As countries buffeted by high energy prices and political infighting at home backslide on climate promises made at the COP26 summit in November, a glimmer of hope for green progress came out of Kenya last week.
At the fifth biennial session of the United Nations Environment Assembly, which met in Nairobi, 175 countries agreed to establish an intergovernmental committee to negotiate a legally binding treaty to tackle the proliferation of plastics.
Plastic is, of course, a global scourge. About 11 million metric tons of plastic waste end up in bodies of water each year, and the UN expects that volume to nearly triple by 2040. Not only do plastics clog oceans with waste, they break down into tiny pieces — microplastics — that threaten human and animal health.
Delegates in Nairobi resolved to cut plastic waste through recycling, sustainable package design, and limiting production of virgin plastics in the first place. Further, they pledged to have a treaty in place by the end of 2024. That’s an extremely fast timeline: Most global treaties take five to 10 years.
Agreeing to start negotiating might seem like small potatoes. But in the realm of international environmental diplomacy this is actually a significant step forward, said Simon Reddy, who directs the Preventing Ocean Plastics initiative at the Pew Charitable Trusts, a global non-governmental organization. “I don’t think we’ve seen so much momentum behind a desire to act since the ozone issue in the late ’90s,” Reddy said.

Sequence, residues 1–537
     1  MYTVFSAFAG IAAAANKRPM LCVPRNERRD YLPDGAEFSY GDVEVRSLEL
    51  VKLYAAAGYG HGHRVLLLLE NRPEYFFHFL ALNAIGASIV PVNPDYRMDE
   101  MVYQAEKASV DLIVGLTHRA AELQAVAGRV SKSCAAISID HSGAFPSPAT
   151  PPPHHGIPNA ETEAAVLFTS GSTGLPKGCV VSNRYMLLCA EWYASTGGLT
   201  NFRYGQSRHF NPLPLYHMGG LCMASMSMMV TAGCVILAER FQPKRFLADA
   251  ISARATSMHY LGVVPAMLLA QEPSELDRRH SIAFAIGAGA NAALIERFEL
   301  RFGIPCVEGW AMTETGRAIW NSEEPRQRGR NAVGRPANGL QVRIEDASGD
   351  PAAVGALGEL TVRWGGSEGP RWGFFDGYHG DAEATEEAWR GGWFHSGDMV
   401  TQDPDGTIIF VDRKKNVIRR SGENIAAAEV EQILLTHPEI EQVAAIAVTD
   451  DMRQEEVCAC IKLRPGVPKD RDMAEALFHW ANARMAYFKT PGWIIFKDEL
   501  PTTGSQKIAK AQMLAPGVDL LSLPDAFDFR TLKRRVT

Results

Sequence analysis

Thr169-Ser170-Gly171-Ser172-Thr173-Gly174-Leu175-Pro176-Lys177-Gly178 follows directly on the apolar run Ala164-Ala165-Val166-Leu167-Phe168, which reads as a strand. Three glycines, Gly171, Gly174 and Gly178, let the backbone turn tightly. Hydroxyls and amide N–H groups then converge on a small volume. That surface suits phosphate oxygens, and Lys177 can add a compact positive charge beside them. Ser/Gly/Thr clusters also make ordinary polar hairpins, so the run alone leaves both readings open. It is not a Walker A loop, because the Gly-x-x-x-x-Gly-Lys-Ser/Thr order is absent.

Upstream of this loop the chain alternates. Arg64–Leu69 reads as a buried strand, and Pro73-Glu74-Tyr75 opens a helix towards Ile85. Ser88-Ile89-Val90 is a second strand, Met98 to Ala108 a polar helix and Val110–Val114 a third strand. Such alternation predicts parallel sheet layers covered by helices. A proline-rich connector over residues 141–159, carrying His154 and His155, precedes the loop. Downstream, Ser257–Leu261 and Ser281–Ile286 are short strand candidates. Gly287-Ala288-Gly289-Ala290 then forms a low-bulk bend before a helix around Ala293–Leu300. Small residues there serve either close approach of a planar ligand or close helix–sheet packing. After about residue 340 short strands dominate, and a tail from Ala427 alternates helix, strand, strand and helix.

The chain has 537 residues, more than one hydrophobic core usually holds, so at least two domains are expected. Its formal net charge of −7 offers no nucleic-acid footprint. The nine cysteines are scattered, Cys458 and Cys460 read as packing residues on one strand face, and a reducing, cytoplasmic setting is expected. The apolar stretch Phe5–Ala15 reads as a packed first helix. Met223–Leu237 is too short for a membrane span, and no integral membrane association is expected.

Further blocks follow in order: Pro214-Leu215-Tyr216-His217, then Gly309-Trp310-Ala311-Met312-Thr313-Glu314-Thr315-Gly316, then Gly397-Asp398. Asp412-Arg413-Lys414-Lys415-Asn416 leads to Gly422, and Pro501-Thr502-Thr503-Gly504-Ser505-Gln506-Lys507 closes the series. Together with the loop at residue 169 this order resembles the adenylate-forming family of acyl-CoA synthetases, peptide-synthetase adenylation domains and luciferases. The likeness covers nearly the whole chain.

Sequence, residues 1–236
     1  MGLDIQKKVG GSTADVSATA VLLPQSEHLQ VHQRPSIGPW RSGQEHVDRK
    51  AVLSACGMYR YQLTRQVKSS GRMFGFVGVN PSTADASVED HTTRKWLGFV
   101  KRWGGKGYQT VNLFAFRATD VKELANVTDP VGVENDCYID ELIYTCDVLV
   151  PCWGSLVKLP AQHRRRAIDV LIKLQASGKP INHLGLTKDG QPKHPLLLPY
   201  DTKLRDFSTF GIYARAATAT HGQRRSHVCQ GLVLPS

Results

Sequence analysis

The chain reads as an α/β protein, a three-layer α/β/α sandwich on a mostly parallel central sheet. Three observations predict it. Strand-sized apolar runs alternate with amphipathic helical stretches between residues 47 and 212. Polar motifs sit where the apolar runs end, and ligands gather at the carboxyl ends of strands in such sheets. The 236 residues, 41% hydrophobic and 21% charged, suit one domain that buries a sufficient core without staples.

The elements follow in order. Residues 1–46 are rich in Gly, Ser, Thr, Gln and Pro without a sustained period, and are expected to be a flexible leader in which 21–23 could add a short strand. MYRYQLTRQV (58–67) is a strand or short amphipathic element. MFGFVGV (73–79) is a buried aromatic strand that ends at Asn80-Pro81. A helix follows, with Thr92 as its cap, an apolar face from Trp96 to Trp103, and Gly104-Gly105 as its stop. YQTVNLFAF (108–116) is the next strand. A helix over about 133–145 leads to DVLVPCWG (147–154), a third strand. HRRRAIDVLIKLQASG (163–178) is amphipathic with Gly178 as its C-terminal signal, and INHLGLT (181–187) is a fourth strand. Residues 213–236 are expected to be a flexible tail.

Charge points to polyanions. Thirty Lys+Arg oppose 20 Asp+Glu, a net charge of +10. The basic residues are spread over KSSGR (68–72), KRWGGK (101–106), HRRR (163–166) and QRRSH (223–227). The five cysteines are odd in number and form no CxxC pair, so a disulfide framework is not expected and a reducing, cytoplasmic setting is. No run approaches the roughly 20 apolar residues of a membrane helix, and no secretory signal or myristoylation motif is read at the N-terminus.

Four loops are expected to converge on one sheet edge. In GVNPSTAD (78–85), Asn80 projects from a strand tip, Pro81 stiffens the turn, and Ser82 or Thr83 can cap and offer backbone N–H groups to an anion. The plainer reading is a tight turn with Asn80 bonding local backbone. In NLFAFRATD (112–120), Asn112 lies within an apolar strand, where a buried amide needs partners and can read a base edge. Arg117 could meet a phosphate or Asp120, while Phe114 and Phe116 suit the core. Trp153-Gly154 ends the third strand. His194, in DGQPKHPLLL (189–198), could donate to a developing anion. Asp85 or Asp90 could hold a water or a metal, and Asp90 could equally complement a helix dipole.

Others have said that if the treaty is completed it will rival the Paris Agreement, the 2016 accord which binds nations to targets to reduce greenhouse-gas emissions.
Still, Russia's invasion of Ukraine hung over discussions. Virginijus Sinkevicius, the European Union’s commissioner for environment, oceans and fisheries, called the adopting of the resolution by full consensus of all the delegates present “a celebration saddened by the act of aggression.”
Both Russia and Ukraine sent delegates to the meeting, which became awkward as the week progressed, to say the least. At the beginning, Russians were “very active” in the proceedings, said Bjorn Beeler, a coordinator for the International Pollutants Elimination Network (IPEN), which connects environmental organizations across 128 countries. But by the end, many other delegates were wearing blue and yellow clothing in support of Ukraine and the Russians were “sort of sidelined,” Beeler said.
Russia’s ongoing cooperation is not incidental to a meaningful treaty. Plastic is a petrochemical product, and plastics production in Russia increased by 64% over the last five years, according to a report that IPEN put out last month. The same report also concluded that Russia, China and Indonesia have used toxic chemicals to make plastics — some of which were falsely labeled as toxin-free — and that all three countries struggle to handle their huge plastic-waste streams.
The next step toward a treaty will be an ad-hoc convening of nations that will decide the rules of the negotiation (for example, setting a definition of plastic). There are a lot of heavy meetings ahead.
“We can’t forecast Russia’s relationship with the international community and what effect it will have on multilateral agreements,” said Beeler, “but here in Nairobi the global community is proving that it is moving forward either way.”
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